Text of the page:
Internal angle

Internal angle

In geometry, an interior angle (or internal angle) is an angle formed by two sides of a simple polygon that share an endpoint, namely, the angle on the inner side of the polygon. A simple polygon has exactly one internal angle by vertex.

If every internal angle of a polygon is at most 180 degrees, the polygon is called convex.

In contrast, an exterior angle (or external angle) is an angle formed by one side of a simple polygon and a line extended from an adjacent side.

Interior angle measures of regular polygons

To find the total measure of degrees in a regular polygon, (regular meaning all sides and angles are equal) you must take the number of sides the polygon has, n, subtract 2 from it, then multiply that number by 180°.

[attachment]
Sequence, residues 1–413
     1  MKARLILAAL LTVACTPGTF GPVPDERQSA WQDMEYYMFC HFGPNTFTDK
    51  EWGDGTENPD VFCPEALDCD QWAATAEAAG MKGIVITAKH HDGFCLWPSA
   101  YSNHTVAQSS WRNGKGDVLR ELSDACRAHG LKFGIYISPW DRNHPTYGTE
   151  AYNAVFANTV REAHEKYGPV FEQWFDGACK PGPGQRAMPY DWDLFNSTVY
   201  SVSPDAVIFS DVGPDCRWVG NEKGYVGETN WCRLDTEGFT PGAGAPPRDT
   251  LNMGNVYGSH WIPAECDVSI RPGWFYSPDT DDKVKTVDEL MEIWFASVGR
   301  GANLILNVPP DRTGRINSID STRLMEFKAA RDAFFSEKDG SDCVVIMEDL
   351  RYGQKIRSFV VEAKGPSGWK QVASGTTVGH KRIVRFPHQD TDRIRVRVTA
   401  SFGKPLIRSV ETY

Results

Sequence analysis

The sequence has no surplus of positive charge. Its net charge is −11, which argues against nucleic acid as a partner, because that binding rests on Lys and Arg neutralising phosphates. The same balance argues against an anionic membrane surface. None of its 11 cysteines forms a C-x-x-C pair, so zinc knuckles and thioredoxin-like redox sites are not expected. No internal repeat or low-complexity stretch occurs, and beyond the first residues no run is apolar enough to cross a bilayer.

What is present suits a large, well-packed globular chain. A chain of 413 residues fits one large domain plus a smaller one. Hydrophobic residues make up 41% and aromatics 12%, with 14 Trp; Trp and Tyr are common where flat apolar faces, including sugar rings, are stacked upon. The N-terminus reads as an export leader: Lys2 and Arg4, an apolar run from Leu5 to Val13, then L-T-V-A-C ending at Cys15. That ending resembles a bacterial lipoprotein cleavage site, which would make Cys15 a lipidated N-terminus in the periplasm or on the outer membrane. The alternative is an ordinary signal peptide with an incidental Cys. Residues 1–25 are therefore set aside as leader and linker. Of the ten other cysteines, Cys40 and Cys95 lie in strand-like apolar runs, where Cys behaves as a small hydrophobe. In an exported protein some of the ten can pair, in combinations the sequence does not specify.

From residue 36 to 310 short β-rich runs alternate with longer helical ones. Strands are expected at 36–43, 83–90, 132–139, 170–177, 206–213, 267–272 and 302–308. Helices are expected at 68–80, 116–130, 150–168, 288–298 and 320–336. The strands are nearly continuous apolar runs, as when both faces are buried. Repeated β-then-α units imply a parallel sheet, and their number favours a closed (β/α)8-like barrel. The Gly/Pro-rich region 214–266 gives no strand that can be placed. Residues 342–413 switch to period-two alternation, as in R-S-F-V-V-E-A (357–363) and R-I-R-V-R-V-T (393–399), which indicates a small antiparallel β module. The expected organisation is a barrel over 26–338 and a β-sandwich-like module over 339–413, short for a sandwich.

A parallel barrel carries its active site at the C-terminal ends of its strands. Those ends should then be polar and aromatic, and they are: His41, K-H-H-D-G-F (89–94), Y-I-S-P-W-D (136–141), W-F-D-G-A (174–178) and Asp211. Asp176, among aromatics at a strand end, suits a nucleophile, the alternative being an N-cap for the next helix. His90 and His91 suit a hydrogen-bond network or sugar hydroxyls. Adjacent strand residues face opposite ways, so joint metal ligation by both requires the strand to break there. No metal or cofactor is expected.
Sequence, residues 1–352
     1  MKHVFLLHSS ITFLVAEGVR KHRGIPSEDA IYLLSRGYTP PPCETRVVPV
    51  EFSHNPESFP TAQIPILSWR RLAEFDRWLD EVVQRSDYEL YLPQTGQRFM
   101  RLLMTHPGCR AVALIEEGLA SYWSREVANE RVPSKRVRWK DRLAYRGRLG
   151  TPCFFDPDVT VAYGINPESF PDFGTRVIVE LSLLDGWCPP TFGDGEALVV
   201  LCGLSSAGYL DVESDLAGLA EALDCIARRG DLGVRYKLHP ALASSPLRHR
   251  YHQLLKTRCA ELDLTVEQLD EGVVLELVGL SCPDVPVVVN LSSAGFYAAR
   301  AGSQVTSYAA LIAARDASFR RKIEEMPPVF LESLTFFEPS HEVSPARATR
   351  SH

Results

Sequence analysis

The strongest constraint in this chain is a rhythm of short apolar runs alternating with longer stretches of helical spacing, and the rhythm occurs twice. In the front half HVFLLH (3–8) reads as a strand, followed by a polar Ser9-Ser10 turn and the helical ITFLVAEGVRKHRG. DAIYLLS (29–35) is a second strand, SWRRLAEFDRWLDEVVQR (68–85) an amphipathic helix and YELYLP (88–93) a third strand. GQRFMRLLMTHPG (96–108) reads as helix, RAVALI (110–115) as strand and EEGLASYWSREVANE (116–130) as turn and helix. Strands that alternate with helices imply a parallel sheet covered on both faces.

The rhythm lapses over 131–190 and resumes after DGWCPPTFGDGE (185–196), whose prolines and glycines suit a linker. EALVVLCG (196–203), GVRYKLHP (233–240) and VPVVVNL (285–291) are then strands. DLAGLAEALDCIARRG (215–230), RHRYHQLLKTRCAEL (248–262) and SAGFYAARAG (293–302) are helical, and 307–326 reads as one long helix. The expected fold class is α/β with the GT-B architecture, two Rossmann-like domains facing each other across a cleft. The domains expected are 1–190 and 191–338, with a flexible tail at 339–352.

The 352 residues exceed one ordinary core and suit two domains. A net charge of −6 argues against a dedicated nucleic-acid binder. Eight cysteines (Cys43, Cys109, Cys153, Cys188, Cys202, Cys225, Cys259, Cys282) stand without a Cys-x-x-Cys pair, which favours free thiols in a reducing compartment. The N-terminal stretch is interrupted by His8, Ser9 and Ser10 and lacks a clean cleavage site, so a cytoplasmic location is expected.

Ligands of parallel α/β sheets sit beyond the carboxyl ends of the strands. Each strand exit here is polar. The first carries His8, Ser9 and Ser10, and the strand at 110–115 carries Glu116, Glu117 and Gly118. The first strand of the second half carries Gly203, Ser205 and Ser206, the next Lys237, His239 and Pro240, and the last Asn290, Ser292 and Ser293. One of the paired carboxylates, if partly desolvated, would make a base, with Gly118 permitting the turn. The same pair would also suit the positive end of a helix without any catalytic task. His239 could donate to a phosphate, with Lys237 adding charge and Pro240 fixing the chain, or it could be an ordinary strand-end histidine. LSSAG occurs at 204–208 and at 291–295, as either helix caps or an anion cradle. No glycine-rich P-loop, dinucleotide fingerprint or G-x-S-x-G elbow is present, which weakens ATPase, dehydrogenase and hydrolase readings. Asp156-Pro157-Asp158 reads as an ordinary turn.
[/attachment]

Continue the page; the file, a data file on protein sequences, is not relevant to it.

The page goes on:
A decagon, a polygon with 10 sides, is a simple shape to figure the total measure of

(n-2) times 180^circ !

measure in degrees, when n

number of sides

Solution to the decagon:

(10-2) times 180^circ =1440^circ. !

The total measure of the decagon is 1440°.

Divide that number by the number of sides, in this case, 10, to find the measure of each angle.

Each interior angle of a regular decagon is 144°.

It is easier to use measure of an exterior angle. Since every regular polygon can be built from n isosceles triangles, to get the measure of an internal angle simply subtract measure of exterior angle (see below) from 180°

For decagon this gives us:

180^circ - frac{360^circ}{10} = 180^circ - 36^circ = 144^circ

For pentagon:

180^circ - frac{360^circ}{5} = 180^circ - 72^circ = 108^circ

Finding the exterior angles on a regular polygon

To find the measure of a regular decagon's exterior angles, divide 360° by the number of sides the polygon has, in this case, 10.

frac{360^circ}{10} = 36^circ.

So all the exterior angles in a regular decagon are 36°.

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